Saturday, 17 July 2010

Sliding seat for cruising rowboats

Sliding seats are a big problem for cruising boats, because they take up all the middle of the boat and get in the way when you want to for camp, cook or just laze around. Worse than a centreboard.
Rick Thompson in the San Francisco Bay area has built one of the most interesting rowing/sailing boat designs around, John Welsford's Walkabout. Now he has added an ingenious sliding seat mechanism that runs on the side flotation tanks, leaving the centre well free for other purposes, such as sleep. Rick describes it in the very excellent John Welsford forum thus:
I'm pretty happy with it so far. I know JW is not so keen on sliding seats, and I understand that it probably burns more energy and doesn't do anything to change the hull speed limit on this type of boat.
For me, it is a big help to be able to use leg muscles as well as arms and back. Next will be some type of hold-down so the seat can be used fixed as well.
It's really hot here in inland California now, hope others are having good
boating or building weather.
I have to say I rather agree with John Welsford about sliding seats on long-distance boats. When you are racing over relatively short distances, you need to transmit all the power you can possibly generate into the oars. It is a sprint, so it's anaerobic.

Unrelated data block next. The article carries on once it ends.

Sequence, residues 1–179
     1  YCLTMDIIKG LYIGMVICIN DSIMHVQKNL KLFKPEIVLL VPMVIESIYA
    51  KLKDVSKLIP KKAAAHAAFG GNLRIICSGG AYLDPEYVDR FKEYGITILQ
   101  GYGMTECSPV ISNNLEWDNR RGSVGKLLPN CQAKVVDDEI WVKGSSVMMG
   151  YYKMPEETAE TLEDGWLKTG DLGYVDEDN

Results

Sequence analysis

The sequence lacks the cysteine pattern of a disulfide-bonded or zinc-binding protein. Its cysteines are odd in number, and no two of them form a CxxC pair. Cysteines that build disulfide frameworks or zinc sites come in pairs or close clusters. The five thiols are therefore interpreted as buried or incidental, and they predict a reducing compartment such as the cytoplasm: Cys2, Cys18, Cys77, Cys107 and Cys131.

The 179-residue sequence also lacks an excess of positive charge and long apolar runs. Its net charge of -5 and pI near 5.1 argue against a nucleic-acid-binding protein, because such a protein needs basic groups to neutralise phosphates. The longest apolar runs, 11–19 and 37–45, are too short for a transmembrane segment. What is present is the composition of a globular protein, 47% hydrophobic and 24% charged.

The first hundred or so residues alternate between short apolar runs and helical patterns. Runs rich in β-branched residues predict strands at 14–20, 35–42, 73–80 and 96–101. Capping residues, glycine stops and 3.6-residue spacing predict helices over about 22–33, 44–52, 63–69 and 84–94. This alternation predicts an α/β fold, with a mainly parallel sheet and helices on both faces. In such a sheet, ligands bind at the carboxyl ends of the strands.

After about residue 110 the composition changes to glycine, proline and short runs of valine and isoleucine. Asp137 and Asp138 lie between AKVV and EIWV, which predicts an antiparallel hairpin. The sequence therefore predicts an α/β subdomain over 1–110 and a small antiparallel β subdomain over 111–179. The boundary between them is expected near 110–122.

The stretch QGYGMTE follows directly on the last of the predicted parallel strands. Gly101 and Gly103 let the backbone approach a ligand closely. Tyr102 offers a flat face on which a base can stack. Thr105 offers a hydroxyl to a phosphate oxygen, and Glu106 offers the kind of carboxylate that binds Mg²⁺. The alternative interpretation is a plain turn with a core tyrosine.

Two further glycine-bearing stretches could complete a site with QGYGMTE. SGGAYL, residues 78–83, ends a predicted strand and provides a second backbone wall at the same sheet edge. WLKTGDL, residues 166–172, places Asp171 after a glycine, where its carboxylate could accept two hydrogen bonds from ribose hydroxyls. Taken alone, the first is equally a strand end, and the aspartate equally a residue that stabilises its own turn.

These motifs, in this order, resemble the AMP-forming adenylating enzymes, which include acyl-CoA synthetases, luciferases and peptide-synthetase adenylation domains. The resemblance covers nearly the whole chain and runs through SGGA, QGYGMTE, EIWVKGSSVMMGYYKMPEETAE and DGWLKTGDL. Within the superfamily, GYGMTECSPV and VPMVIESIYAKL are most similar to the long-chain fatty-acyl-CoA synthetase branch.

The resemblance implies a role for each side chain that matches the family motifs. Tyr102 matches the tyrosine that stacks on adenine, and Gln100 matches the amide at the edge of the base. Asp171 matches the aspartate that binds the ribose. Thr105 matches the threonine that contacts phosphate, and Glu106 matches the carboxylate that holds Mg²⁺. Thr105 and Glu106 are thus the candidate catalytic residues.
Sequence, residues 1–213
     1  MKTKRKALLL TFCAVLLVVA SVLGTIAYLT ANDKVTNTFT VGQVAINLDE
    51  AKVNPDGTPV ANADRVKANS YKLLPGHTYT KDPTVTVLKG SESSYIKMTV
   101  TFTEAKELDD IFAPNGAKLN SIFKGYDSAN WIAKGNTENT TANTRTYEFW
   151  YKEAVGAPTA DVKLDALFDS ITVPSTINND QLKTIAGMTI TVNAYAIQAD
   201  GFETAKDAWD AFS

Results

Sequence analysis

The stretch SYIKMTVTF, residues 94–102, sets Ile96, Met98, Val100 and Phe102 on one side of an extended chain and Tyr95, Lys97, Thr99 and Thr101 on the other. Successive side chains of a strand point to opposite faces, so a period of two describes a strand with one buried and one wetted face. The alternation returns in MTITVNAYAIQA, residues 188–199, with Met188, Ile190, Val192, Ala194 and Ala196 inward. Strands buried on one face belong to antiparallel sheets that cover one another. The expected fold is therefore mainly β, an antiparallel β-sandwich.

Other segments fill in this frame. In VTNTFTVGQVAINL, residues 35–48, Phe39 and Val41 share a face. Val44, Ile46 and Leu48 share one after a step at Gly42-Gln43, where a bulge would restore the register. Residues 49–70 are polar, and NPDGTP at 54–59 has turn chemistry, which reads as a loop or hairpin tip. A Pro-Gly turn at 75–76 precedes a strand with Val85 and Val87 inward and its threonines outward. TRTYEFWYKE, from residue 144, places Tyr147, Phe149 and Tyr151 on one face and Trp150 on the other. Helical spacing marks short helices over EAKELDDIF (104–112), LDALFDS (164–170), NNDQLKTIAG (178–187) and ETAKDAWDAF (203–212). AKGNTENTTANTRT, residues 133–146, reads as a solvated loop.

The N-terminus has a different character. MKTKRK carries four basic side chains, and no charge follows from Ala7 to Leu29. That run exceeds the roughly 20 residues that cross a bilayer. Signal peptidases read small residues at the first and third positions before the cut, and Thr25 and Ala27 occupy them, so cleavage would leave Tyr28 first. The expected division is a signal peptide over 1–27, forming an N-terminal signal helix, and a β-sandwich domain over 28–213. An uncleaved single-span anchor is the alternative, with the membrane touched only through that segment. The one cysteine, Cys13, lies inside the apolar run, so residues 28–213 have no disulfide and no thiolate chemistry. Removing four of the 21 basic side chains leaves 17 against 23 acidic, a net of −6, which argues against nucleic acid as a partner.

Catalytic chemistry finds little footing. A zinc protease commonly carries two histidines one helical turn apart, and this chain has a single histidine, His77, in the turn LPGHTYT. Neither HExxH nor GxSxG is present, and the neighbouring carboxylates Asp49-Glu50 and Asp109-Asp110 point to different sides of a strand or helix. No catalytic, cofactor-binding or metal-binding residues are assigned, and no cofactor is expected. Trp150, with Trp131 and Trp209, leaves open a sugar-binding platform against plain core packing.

Over longer distances, it is physically impossible to row anaerobically - the power you can produce is limited by the amount of air you can pump through your lungs. And you can produce this power just as efficiently on a fixed thwart as a sliding seat.
If you use a fixed seat, you get the other advantages of better control over the oars in choppy conditions and a more robust and simpler setup. But with the sliding seat, Rick will be able to make a lot of money by challenging fixed seat Walkabout owners to a race to "that buoy and back". Go, Rick!


Anonymous said...

Hi Chris,

I do feel that a sliding seat can help some of us on longer rows, not just for sprints. John Welsford is happy rowing fixed seat for hours, but my back will give out after a while. With a lockable sliding seat, I'll go fixed for a while until tired. Releasing the lock lets a whole new set of muscles take the load. The GPS, which had dropped below 3 kts, jumps back up to 3 - 4 kts again, so it really is helping.
The Gig Harbor Whitehall, my other boat, has a sliding seat with a pin to lock it. I have been using this for several years now.

All the best,


Anonymous said...

Hi I live in NY and VT and am trying to find a sliding seat rowboat with a little backrest such as this one. Our VT house is on a lake and I want to be able to get a good work out while being on the lake, hence the sliding seat. But I have a hierniated disc, hence the backrest. Where can I find a boat with a seat like this? Marian